Meditations for Queer Femmes – Walking on Sand

I walked on the beach a lot when we were in Provincetown recently. It was cold and windy but the light, as always, was effulgent. Looking down, there are stones of all colors, shells, crab limbs dropped by sea birds, seaweed, bits of trash, including pieces of broken glass that need to cook a lot longer before they get to call themselves seaglass. Looking up, there’s that light and the ocean moving.

It’s not that easy to walk on sand. You have to use your core, and even if you do, it makes you sore in muscles you don’t usually think about. A wave might soak your shoe. But every time I started to feel tired or think it might be better to take my walk on the street, I realized that I was smiling and that really, I didn’t want to be anywhere else.

Maybe something about the bracing difficulty of walking, something about the beauty and the wind and the uncooked seaglass – I don’t know what it was, but out there on the beach I found myself mulling over identity. If you think you know what someone’s identity means, it’s easy to ignore the reality of their life. Example: the many people, straight and otherwise, who refer to Tex as my “wife”. They know I’m gay, they know I’m married, so obviously, the person I’m married to is my wife. As misassumptions go, it’s not the worst one ever; nor is it the end of the world when the two of us are referred to as “ladies”, but it’s irksome. One reason for this is that if people think they know your identity, it can give them license to ignore what that identity actually means to you. It is a false sense of knowing that can close them off to the rewards of keeping an open heart and taking on the challenge of observing, asking and stepping into the unknown. It is a reminder to me when I find myself making assumptions about what someone’s identity may imply.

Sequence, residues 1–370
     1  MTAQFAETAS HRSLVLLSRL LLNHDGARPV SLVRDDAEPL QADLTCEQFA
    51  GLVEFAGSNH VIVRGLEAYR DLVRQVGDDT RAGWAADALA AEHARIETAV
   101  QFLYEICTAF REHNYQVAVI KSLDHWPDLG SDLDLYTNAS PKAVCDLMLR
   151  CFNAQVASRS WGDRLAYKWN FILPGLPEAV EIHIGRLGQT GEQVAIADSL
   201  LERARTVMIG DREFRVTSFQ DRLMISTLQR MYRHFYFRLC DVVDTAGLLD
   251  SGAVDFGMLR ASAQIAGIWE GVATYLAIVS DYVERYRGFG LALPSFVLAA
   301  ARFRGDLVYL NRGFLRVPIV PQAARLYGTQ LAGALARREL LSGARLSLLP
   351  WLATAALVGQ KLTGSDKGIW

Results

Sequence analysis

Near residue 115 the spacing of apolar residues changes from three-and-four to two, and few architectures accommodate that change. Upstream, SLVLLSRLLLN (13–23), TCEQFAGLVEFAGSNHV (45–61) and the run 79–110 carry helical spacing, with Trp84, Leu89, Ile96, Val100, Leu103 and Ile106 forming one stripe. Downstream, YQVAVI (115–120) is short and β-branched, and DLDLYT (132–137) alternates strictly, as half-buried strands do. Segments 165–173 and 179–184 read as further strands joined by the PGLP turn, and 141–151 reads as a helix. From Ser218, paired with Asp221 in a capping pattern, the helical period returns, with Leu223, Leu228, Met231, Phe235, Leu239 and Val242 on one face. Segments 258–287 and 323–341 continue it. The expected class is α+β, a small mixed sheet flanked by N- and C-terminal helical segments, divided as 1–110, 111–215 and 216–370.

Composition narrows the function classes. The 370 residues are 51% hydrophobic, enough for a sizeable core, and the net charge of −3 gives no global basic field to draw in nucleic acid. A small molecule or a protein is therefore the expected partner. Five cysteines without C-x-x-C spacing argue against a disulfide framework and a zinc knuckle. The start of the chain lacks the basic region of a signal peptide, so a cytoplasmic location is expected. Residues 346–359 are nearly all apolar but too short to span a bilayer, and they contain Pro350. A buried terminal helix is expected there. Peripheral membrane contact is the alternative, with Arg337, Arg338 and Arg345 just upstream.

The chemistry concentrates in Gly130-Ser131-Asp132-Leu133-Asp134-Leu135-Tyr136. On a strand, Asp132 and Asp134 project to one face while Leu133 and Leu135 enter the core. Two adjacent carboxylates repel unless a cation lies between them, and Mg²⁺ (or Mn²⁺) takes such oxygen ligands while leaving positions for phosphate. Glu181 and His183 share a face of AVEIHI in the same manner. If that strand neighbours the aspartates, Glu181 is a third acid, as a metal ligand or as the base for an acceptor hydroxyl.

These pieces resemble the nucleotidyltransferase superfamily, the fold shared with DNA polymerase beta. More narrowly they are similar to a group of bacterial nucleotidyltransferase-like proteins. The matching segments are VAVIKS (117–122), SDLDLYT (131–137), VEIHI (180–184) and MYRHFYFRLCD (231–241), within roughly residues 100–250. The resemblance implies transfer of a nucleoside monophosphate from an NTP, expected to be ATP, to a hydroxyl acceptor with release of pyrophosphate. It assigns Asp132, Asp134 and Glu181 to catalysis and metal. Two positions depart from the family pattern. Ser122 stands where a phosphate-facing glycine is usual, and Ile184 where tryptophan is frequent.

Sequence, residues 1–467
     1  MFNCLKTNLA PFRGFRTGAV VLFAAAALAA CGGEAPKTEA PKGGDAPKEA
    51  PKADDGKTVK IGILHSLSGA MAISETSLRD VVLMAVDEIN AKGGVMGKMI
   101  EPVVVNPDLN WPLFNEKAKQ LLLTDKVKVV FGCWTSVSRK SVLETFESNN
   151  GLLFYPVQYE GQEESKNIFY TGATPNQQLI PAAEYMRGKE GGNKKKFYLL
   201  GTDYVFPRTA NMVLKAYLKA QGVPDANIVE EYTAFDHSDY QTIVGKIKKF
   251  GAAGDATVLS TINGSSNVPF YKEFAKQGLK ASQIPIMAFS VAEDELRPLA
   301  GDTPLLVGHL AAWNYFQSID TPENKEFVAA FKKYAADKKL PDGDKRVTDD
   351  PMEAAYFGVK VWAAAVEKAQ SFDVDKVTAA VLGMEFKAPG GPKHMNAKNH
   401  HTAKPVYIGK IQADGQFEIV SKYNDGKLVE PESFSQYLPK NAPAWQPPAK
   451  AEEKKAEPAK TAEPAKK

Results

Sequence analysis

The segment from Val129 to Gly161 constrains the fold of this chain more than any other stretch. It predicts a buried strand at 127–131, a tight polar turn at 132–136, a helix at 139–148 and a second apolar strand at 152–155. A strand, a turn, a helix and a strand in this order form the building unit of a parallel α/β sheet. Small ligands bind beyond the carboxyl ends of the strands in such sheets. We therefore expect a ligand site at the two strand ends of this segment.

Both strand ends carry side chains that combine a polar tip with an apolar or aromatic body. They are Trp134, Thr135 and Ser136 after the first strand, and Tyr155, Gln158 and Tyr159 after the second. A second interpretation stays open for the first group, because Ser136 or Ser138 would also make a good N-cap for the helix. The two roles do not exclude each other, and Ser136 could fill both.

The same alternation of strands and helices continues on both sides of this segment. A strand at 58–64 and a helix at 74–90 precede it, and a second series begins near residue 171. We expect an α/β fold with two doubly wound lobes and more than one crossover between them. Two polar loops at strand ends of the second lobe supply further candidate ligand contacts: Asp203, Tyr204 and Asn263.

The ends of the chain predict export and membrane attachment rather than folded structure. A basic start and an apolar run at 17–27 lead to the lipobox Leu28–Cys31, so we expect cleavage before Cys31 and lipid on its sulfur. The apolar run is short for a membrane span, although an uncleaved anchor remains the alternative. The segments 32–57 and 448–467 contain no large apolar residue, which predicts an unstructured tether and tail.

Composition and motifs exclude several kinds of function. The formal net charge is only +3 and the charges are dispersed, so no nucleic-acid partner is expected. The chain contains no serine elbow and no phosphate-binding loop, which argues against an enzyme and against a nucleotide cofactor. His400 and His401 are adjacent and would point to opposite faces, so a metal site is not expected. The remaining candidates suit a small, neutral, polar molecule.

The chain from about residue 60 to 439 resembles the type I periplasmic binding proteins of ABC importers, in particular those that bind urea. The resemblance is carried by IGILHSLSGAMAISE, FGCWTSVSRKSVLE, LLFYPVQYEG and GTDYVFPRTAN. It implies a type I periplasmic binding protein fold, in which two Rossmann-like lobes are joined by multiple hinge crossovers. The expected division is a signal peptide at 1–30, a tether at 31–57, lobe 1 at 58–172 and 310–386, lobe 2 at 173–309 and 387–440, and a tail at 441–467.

When first I found my femme, I was uncertain, so I clung to what I thought were requirements. I bemoaned the fact I couldn’t walk in heels due to physical issues, that I wasn’t a high femme, or what I thought a high femme was supposed to look and act like. Happily, those moments passed with minimal damage and I have since learned many enlightening lessons about myself and about other femmes. Queer femme feels so roomy to me now. So much still to explore, because identity is always moving, always revealing more. I’m so curious, so grateful, so inspired by queer femme.

Queer femme sisters, love yourselves this week. Love yourselves by making time to walk on the beach or in the woods or by water of any kind, where you can let your thoughts drift and touch on things sublime.

Every Monday (or Tuesday), I offer a Meditation for Queer Femmes, in the spirit of my maternal grandmother, Mimi, who was fabulous, and from whom I inherited her Meditations for Women.

 

Published in: on November 28, 2017 at 3:31 PM  Leave a Comment  
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